By law, the minority party in the Senate picks two commissioners of the five-member NRC, while the White House chooses the other three, including the chairman. Senate Minority Leader Mitch McConnell, Kentucky Republican, submitted Ms. Svinicki’s name to the president for renomination in December 2010 so it could be wrapped up well before her term expires in June of this year. Background and ethics checks were concluded quickly. After inexplicable delay, the White House privately committed to move on Ms. Svinicki in January but then went radio silent until Mr. McConnell - worried about the impending expiration of her term - lambasted the apparent effort to hold her back.
Confirmation fights are common enough, but what’s not is a public campaign by the majority to keep someone’s name from even being sent to the Senate for debate and a vote. Mr. Reid’s willingness to come out publicly against Ms. Svinicki’s very nomination points to collusion with the White House to kick the only female commissioner off the team. More damning are persistent allegations that Mr. Reid’s former staffer, NRC Chairman Gregory B. Jaczko, doesn’t play well with girls.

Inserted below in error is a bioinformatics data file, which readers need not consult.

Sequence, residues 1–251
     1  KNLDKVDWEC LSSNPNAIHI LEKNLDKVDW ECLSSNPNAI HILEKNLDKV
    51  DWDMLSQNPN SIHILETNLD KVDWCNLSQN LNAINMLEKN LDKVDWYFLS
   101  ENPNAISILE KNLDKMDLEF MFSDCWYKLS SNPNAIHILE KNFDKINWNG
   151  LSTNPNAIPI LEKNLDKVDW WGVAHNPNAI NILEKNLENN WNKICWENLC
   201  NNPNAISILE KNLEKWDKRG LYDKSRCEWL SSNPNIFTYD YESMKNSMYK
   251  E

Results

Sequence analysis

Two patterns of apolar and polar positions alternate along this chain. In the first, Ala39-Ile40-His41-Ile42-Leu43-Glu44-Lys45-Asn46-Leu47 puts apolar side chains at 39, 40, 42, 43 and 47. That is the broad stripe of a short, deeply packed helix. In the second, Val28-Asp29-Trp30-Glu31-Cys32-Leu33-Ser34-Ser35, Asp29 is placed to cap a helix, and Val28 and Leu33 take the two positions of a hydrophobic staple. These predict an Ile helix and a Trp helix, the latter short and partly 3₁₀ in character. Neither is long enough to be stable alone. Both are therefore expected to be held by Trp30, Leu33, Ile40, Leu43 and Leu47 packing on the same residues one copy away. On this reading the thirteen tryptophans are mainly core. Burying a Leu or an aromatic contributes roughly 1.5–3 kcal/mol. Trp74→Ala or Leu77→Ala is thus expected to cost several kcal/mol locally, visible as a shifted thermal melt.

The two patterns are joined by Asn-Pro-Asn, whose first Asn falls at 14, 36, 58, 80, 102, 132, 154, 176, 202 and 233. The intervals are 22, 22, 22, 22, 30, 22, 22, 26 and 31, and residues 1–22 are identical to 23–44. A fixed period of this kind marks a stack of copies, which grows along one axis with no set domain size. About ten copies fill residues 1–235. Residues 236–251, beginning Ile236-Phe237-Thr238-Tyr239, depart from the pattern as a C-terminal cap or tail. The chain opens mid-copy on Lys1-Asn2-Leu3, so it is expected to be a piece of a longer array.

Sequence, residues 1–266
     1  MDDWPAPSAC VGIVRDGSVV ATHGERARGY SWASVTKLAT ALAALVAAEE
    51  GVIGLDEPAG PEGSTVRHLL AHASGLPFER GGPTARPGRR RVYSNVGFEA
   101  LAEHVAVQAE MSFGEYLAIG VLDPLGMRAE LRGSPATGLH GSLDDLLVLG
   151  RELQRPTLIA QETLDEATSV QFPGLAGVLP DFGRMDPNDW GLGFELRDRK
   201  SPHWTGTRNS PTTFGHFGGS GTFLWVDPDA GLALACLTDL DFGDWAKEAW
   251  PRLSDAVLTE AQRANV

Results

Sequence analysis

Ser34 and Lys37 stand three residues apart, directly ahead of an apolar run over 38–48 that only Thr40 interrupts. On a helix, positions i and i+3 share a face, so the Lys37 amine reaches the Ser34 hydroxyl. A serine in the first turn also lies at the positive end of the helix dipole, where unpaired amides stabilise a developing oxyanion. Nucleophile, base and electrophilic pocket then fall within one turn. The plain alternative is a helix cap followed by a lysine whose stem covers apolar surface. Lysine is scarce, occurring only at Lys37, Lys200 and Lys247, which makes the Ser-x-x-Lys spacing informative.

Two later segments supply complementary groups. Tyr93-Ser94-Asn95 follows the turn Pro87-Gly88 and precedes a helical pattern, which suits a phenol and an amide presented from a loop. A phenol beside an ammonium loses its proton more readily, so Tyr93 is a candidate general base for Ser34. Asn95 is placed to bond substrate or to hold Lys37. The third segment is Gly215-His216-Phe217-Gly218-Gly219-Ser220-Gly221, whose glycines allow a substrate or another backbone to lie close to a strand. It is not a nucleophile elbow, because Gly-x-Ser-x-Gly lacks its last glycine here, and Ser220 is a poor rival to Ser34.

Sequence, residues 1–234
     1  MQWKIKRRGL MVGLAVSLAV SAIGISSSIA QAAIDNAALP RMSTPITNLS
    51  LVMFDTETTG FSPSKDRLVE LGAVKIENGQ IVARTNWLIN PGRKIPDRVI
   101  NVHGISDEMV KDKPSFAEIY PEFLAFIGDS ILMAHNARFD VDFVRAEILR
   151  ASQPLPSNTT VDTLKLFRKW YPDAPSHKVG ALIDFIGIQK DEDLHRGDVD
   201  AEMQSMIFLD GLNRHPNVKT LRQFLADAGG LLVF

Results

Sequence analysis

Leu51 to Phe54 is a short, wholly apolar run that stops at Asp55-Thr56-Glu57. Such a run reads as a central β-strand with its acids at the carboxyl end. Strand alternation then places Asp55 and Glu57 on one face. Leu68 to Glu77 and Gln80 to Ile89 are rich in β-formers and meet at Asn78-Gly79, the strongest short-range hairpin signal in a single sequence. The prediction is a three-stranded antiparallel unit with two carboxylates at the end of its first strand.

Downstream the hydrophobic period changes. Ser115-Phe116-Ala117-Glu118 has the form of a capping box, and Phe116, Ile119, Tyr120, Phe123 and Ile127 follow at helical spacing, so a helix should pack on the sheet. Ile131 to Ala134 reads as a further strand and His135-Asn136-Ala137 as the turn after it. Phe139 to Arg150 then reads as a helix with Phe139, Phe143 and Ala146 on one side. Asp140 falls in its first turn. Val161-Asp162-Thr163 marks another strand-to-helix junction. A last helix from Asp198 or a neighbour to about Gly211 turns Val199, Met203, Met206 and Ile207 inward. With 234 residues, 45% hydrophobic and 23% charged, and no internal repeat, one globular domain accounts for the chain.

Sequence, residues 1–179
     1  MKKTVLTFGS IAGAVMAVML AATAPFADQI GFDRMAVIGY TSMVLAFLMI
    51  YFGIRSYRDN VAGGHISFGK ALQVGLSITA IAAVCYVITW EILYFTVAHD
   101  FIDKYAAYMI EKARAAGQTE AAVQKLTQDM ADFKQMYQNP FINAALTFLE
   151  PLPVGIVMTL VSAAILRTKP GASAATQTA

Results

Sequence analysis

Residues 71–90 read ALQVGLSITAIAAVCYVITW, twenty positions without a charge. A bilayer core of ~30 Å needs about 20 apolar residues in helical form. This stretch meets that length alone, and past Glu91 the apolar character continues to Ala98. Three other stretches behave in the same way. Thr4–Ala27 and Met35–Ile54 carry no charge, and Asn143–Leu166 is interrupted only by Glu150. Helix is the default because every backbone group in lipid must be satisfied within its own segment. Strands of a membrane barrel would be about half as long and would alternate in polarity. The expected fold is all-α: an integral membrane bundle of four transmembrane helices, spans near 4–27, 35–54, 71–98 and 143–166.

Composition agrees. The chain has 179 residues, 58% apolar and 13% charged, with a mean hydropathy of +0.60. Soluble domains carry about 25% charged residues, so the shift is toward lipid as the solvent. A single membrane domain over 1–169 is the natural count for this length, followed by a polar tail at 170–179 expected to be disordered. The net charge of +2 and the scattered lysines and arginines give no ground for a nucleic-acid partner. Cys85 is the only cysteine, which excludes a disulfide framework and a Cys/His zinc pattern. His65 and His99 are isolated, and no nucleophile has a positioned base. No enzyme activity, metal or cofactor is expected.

Before Mr. Jaczko was chairman, Ms. Svinicki was confirmed unanimously by a Democrat-controlled Senate in 2008, with members of both parties singing her praises. A nuclear engineer with industry experience, she served out her term with distinction and was on track to be given another until she helped blow the whistle on persistent bullying by Mr. Jaczko. Along with her fellow commissioners, Ms. Svinicki signed an October letter to then-White House Chief of Staff William M. Daley pleading for help with Mr. Jaczko’s outrageous and worsening behavior since assuming the chairmanship.
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